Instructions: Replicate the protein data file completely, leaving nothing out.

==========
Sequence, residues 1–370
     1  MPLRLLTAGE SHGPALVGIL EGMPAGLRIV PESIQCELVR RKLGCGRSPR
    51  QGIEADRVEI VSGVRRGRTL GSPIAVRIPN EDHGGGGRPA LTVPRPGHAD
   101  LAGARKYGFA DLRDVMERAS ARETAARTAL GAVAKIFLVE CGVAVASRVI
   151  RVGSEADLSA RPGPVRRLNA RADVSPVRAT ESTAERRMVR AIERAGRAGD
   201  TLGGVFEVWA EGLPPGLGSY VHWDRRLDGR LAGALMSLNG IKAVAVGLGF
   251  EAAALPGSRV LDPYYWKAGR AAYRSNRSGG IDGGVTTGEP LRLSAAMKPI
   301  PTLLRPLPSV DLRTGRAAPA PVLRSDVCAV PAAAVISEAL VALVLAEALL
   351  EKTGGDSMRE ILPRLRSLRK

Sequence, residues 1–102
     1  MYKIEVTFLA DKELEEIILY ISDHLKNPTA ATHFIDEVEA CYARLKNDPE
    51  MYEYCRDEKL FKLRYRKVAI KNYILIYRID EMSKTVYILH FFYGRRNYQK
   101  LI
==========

Sequence, residues 1–370
     1  MPLRLLTAGE SHGPALVGIL EGMPAGLRIV PESIQCELVR RKLGCGRSPR
    51  QGIEADRVEI VSGVRRGRTL GSPIAVRIPN EDHGGGGRPA LTVPRPGHAD
   101  LAGARKYGFA DLRDVMERAS ARETAARTAL GAVAKIFLVE CGVAVASRVI
   151  RVGSEADLSA RPGPVRRLNA RADVSPVRAT ESTAERRMVR AIERAGRAGD
   201  TLGGVFEVWA EGLPPGLGSY VHWDRRLDGR LAGALMSLNG IKAVAVGLGF
   251  EAAALPGSRV LDPYYWKAGR AAYRSNRSGG IDGGVTTGEP LRLSAAMKPI
   301  PTLLRPLPSV DLRTGRAAPA PVLRSDVCAV PAAAVISEAL VALVLAEALL
   351  EKTGGDSMRE ILPRLRSLRK

Sequence, residues 1–102
     1  MYKIEVTFLA DKELEEIILY ISDHLKNPTA ATHFIDEVEA CYARLKNDPE
    51  MYEYCRDEKL FKLRYRKVAI KNYILIYRID EMSKTVYILH FFYGRRNYQK
   101  LI